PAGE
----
Ex-White Stripes frontman Jack White concluded his six-week North American tour at the Wiltern with a performance Thursday evening. Currently promoting his solo debut album Blunderbuss, released last month, the concert began with five gorgeous women gracing the stage as White followed closely behind, causing a roaring crowd eruption.

The atmosphere was flooded with blue lights and rapid strobes illuminating his album logo, and the show began with "Dead Leaves and the Dirty Ground." Interestingly, White had created a completely different set list than the prior night, when he also performed at the Wiltern, which featured an all-male band supporting him on stage.

Each night provided a uniquely satisfying experience for fans of his side project hits. Naturally, the focus was on Blunderbuss, and most of the songs White performed were straight off this release. A strong mixture of blues, country, folk jams and southern rock medleys blended seamlessly to create an unforgettable experience.

White’s relationship with the Los Angeles crowd was quickly established during "Love Interruption," which featured a duet performance with Grammy Award-winning artist Ruby Amanfu. The debut single exposed the vulnerable and personally revealing side of White’s lyrics, leaving the audience craving and lusting for more.

For the Racounters fans in attendance, massive crowd participation carried "Top Yourself" from start to finish, lifting that same momentum to higher limits as "Hotel Yorba" from the White Stripes followed after. The entire performance seemed timeless: White seamlessly evolved the feel of the early rock 'n' roll era into a modern show.

His humble nature was apparent, as he made it a priority to credit his supporting band at every interlude, introducing them individually to the crowd. The bassist, returning to her hometown, made her final appearance of the tour, expressing her unforgettable experience on the road as she prepared for maternity leave. White publicly praised her for her talents and contributions, rubbing her baby bump as the night continued.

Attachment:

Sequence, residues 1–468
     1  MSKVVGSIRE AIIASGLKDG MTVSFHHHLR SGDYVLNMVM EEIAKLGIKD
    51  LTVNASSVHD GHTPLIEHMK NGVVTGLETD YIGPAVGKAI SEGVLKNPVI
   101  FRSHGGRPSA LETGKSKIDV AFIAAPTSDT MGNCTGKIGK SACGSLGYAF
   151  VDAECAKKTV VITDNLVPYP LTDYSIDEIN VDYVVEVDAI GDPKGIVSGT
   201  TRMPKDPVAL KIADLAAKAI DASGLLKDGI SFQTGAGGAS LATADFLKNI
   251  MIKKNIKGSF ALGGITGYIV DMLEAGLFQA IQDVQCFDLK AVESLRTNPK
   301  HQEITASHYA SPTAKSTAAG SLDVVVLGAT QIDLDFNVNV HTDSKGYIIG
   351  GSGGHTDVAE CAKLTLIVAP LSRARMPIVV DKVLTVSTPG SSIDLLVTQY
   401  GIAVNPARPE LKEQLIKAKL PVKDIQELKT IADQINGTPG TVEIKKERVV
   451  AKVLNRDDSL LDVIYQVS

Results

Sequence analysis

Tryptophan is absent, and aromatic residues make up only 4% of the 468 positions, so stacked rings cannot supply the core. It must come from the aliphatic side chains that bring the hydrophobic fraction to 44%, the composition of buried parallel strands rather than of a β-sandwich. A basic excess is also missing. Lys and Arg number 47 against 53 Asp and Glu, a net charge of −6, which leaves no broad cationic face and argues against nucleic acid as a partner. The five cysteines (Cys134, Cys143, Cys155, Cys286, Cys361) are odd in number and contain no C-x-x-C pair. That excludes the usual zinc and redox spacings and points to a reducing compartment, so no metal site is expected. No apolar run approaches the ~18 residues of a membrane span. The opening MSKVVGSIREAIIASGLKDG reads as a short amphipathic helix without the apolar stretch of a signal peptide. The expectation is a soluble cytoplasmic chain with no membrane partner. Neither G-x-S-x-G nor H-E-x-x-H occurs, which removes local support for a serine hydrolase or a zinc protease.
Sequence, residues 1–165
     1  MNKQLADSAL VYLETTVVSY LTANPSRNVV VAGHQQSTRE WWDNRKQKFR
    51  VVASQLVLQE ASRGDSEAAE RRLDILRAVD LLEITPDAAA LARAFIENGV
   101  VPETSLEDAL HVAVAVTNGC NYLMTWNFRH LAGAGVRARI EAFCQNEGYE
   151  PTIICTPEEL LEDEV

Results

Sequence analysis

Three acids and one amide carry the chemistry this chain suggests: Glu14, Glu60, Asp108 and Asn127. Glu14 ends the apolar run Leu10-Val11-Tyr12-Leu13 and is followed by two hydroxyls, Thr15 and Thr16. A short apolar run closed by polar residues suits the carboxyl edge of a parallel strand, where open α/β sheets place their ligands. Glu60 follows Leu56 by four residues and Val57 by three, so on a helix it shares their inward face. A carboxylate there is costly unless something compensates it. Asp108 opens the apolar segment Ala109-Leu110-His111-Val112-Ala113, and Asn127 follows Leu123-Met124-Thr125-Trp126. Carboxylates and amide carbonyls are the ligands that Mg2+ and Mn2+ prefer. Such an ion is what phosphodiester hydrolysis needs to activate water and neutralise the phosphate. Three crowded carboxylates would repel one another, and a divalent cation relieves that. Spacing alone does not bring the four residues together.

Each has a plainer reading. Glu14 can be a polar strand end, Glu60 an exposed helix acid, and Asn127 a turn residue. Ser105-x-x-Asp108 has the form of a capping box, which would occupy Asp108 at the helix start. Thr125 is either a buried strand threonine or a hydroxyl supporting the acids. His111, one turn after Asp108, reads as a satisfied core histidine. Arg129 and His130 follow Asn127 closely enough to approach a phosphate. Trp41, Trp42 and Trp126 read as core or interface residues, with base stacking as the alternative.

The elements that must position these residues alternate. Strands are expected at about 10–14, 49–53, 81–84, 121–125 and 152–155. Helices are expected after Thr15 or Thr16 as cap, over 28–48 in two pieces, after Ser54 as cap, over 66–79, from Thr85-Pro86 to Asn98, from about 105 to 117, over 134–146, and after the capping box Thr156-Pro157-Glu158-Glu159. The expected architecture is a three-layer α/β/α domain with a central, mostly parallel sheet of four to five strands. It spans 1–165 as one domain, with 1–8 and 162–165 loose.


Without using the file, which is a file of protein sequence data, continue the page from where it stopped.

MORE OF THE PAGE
A wide variety of crowd reactions alternated between songs, ranging from fast-paced hair flipping during high-energy tracks, to gentle swaying along with the acoustic blues. White’s ability to switch the musical direction between songs featured rapid guitar solos, distorted shredding and violent violins.

After 13 songs, White teased the audience with "Ball and Biscuit," leading to a small intermission that caused encore chants across the floor. The ambitious crowd seemed to ignite a passionate fire within White, who reappeared with a longer encore than he had performed the previous night.

Upon his return, his second single, "Sixteen Saltines," kicked off the 30-minute encore performance, which featured hits from all his previous monikers.

White asked the audience to participate on a few songs, asking them to sing “Are you steady now?” during "Steady As She Goes." Soon after, a loud thumping bass drum began the crowd favorite intro to "Seven Nation Army," which easily received the loudest ovation of the night. The momentum shifted as the 21-song set list came to an end with a jazzy blues rendition of "Goodnight Irene" by Lead Belly, closing the North American tour with a bang.